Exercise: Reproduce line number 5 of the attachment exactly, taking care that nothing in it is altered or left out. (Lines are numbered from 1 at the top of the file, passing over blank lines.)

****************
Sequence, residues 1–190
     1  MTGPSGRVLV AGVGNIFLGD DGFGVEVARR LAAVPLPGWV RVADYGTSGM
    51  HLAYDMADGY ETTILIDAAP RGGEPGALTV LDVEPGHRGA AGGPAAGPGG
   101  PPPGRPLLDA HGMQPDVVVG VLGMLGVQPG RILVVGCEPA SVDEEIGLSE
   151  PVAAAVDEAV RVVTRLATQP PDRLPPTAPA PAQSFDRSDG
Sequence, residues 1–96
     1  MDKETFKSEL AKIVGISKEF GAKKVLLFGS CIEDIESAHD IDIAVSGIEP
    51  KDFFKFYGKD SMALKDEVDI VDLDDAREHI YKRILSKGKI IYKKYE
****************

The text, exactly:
   151  PVAAAVDEAV RVVTRLATQP PDRLPPTAPA PAQSFDRSDG